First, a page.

Today, the Save the Corcoran Coalition filed its complaint and petition in D.C. Superior Court, which must rule on the proposed deal between the Corcoran, the National Gallery of Art and George Washington University. STC is asking to intervene in the Corcoran’s cy près proceedings. The petition asks the court to:
· remove members of the current Board of Trustees,
· ensure that the entire Corcoran collection remain together,
· require that the Board submit to a full financial accounting, and
· deny cy près relief if the Board’s own maladministration has caused the Corcoran trust to become impracticable.
STC is right about one thing, for sure: trustees have never, to my knowledge, given a full financial accounting of the Corcoran’s situation. It always looked to me as if trustees sumply gave up, underestimating those who would oppose their plans. To quote from the press release:
“There are so many hard questions that need to be answered. We need to start there. If the Trustees want to dissolve a national, historic gem, we need to understand every wrong turn. We will never be able to get back our third oldest museum in the nation, and years of mismanagement is not a substantial explanation,” said Caroline Lacey, a Masters degree student currently enrolled at the Corcoran College of Art & Design, and a plaintiff on the suit. “We as the students have made very serious time and monetary commitments to the Corcoran, and we deserve full accountability.”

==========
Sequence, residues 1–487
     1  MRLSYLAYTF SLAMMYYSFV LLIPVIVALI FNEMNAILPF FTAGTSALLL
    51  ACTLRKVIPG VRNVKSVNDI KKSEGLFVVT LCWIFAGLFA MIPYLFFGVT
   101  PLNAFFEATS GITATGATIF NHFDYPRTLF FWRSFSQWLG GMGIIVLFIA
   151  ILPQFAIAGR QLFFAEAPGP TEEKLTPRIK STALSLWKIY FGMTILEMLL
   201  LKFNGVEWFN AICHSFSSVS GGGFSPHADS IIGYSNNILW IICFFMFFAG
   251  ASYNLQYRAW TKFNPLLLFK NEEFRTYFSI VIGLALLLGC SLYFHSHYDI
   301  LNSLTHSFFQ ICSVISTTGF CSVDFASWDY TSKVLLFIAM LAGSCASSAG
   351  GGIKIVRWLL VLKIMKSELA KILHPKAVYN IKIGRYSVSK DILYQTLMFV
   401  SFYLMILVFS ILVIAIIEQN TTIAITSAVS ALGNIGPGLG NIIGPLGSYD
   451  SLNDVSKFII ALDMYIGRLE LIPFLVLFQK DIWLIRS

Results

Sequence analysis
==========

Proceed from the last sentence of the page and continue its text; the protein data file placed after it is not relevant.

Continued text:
STC’s attorney, Andrew Tulumello, Managing Partner at Gibson, Dunn & Crutcher, said:
“The Trustees have proposed the radical step of destroying the very institution they are charged with protecting. This is not necessary, and it is wrong. The public interest demands a more thoughtful approach.”
I agree with most of that. Trouble is, I don’t see a real solution to this, and the current “deal” may be a better outcome than a return to an ever-struggling Corcoran.
Still, I want to know, as STC does, precisely what the situation is before deciding.
Here’s a link to the trustees’ filing, should you want to dig into the legal issues.